Euro Area in Recession since third quarter of 2011
15 November 2012: The CEPR Business Cycle Dating Committee has determined that economic activity in the euro area peaked in the third
quarter of 2011 and that the euro area has been in recession since then.
The Committee also found:
- The third quarter of 2011 marked the end of an expansion that began in the second quarter of 2009 and lasted
10 quarters (the shortest expansion since 1970, when the Committee's data series begin). Although output
increased 4.0 per cent from trough to peak, this was not enough to bring euro-area GDP back to its pre-financial
crisis level: at the end of the expansion in 2011Q3, GDP was about 2% below its previous 2008Q1 peak.
- The euro-area recession is very visible in labor markets. Employment (and investment) started to decline
slightly before 2011Q3. This is quite unusual, since employment is generally a lagging variable of
output and was a lagging variable in the previous recession (2008Q1-2009Q2). The labor market may not
have fully recovered from the previous recession, and this may have caused employment to turn down so quickly.
- Dating business cycles is a difficult exercise: it involves more than merely identifying two-quarter declines
or increases in GDP. The challenge is to date peaks and troughs of economic activity without unnecessary delay,
while minimizing the chance that data revisions will oblige the Committee to reconsider its decisions
at some future date. The Committee uses two strategies to cope with data revisions. First, it examines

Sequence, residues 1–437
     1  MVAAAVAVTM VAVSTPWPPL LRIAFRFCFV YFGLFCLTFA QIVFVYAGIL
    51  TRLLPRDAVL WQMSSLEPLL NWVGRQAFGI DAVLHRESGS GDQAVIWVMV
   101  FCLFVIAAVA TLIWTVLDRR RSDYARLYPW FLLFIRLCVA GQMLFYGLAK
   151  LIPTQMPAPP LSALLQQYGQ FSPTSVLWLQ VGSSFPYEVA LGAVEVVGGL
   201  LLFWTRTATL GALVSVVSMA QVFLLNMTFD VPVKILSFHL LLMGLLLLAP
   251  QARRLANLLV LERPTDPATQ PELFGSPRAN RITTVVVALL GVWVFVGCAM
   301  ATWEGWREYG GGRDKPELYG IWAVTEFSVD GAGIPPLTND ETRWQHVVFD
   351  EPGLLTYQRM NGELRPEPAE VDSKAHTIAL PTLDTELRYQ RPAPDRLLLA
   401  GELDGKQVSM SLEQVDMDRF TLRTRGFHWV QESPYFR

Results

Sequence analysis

a wide array of economic data in addition to GDP, such as the individual components of output and labor market data.
This makes the dating exercise less vulnerable to revisions of one or two data series. Second, the Committee
uses the statistical properties of past data revisions to compute the probability that future revisions might
lead the Committee to change its current findings. Thus, the Committee has estimated that there is a 75% probability
that, based on the data that will be available three years from now, it will still determine that 2011Q3 was a peak
of euro-area GDP. In addition, the probability that, after revision, GDP in 2012Q2 will eventually be found to exceed
GDP in 2011Q3 is only about 5%. The Committee is therefore confident that 2011Q3 marks the beginning of a recession in the euro area.
The Committee establishes a chronology of recessions and expansions for the euro area as a whole but it notes that
heterogeneity across countries is substantial: the euro area as a whole is in recession since 2011Q3
but not all its member countries are. Taking 2011Q3 as the reference point, France is muddling through,
Spain and Portugal display very low levels of both employment and GDP, while the opposite is true for
Germany, Austria and Estonia. Countries such as Finland display low levels of GDP but not employment.
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